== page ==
A virtual conference allows organizations to reach a broad audience, as virtual conferences often result in 8x the number of registrations as traditional in-person conferences. We’ve seen this firsthand. Our flagship in-person event Cvent CONNECT had 4,500+ attendees in 2019, but Cvent CONNECT Virtual, the same event but completely virtual, had 40,000+ registrants. Of course, there is no replacement for face-to-face interaction, but a virtual conference is a viable option when the key demographic is spread out around the world or when travel isn’t an option. While many virtual conferences recently have been free, there is a shift towards some form of cost as this event type becomes more established. Virtual conferences can help greatly expand brand awareness, networking opportunities, lead generation, and more.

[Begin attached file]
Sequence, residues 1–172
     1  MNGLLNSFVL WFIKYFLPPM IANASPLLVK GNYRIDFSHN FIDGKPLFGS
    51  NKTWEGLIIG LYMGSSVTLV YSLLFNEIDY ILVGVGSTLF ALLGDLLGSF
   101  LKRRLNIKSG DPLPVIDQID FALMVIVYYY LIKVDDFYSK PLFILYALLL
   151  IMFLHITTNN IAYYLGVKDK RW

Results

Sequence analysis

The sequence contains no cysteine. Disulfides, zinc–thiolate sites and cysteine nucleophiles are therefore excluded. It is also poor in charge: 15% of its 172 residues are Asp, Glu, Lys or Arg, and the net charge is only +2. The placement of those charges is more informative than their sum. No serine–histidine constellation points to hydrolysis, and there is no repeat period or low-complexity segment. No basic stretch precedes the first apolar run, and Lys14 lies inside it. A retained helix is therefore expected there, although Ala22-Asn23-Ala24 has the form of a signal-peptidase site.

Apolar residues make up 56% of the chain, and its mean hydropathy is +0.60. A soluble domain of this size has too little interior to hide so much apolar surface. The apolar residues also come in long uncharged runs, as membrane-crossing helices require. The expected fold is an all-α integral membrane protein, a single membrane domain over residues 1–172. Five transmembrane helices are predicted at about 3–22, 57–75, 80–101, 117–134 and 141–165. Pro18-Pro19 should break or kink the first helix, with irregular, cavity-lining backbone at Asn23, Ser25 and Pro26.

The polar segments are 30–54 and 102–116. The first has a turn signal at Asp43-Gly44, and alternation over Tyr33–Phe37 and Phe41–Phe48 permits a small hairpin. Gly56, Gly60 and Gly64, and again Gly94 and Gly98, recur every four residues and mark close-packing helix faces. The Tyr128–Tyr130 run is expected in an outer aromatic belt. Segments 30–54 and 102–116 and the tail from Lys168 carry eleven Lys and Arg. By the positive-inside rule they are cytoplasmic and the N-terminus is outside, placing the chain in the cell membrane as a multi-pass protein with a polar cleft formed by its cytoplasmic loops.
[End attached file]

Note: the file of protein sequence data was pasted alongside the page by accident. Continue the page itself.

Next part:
A virtual conference is not like an in-person conference. It takes place solely online and requires attendees to focus on a screen for hours at a time. Because of this, content needs to be the driving force behind your virtual conference strategy, as it is what will grab the interest of attendees and get sought after registrations. To create a virtual conference strategy, look at your event program as a whole. Is there a gap in your program that would benefit from a virtual conference? Do you have the resources and the budget to pull off a virtual conference? Do you have the resources to host a virtual conference? All of these are questions to ask as you decide whether or not a virtual conference is right for your organization. If you have an annual in-person conference that isn’t able to happen this year or some other large event that drives revenue, it’s worth considering a virtual conference.